In an effort to beat the intense Chilean heat without compromising views of Santiago, local architectural firm Biourban Arquitectos has designed a bioclimatic home in La Reina that combines passive solar principles with high energy performance materials. Dubbed the H.D. House, the site-specific dwelling features two floors — each built of different materials with contrasting textures and colors — that are optimized for thermal resistance.
The H.D. House’s rectilinear lower floor is built with a structural shell of reinforced concrete, while the walls consist of aerated concrete blocks left exposed. In contrast, the upper level comprises a system of galvanized steel profiles clad in pine with an oak-colored varnish to improve the structure’s thermal resistance. The roof features a triple insulation system, and all windows include the use of thermo panels.
“The house uses bioclimatic strategies for the different facades and orientations of the project,” the architects explained. “The main facade faces west toward the city and has a mobile facade with sunscreens that generate a ventilated double skin on the second floor. In addition, there is a double-height interior courtyard that enhances the Venturi effect and cross ventilation, producing air movements that improve the environmental quality of the house. These air flows can be easily controlled by opening or grouping the sunscreens.”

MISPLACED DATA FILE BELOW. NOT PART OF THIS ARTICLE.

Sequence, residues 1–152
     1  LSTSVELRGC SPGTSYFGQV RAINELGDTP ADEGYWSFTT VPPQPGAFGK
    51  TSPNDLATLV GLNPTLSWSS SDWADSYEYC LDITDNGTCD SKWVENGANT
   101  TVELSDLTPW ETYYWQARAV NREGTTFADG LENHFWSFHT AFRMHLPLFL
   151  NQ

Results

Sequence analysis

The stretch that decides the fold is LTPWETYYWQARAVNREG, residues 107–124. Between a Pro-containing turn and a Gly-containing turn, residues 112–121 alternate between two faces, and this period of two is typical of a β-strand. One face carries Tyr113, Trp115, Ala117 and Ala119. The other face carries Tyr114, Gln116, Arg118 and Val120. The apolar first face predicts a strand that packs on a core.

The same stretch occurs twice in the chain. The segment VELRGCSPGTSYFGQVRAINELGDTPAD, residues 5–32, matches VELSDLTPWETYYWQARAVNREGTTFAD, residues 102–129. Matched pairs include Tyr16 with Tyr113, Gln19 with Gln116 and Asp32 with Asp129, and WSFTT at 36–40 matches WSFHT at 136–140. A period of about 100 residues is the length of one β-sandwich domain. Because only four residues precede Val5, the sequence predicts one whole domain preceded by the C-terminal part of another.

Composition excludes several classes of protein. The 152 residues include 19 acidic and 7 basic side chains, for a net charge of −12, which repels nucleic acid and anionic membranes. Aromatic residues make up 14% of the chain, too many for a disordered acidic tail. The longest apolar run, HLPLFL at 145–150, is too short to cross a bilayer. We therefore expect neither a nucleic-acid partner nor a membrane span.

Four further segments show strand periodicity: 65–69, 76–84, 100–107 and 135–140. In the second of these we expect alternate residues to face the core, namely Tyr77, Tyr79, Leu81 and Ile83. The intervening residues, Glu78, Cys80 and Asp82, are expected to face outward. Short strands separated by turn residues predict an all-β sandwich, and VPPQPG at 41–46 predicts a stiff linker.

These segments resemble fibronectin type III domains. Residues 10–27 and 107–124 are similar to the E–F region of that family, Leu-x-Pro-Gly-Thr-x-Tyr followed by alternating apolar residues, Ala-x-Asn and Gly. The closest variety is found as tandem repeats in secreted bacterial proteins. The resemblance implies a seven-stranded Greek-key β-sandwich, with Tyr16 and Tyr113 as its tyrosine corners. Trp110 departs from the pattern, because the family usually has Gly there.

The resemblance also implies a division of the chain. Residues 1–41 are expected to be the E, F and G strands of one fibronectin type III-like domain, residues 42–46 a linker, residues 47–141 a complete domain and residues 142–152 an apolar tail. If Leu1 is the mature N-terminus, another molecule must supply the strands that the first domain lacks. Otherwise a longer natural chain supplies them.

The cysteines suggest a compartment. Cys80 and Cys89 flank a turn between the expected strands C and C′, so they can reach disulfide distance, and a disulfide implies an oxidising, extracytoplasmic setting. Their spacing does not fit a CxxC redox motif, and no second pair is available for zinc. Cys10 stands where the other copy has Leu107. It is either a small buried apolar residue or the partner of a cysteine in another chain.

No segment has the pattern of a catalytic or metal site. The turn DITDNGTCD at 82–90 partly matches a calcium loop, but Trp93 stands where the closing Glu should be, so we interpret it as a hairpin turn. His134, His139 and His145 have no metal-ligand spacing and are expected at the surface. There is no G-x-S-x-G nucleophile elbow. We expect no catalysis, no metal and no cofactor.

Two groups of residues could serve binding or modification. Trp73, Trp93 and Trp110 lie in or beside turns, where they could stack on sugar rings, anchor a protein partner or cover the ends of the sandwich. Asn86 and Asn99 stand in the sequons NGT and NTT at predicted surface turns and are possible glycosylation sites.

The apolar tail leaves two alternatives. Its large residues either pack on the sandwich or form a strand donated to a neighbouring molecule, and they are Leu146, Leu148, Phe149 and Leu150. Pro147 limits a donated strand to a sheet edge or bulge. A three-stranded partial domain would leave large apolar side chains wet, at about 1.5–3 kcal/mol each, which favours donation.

The best views of Santiago are enjoyed from the second floor, where the master suite and extra bedrooms are located, as is a long curved balcony that faces west. Installing mobile screens across the length of the curved facade proved to be one of the main challenges of the project, as they not only had to provide protection from the sun but also needed the ability to be grouped together in different configurations. The result is a bioclimatic home with an appearance that continually shifts depending on the outside conditions and the needs of the homeowner.
Photography by Aryeh Kornfeld via Biourban Arquitectos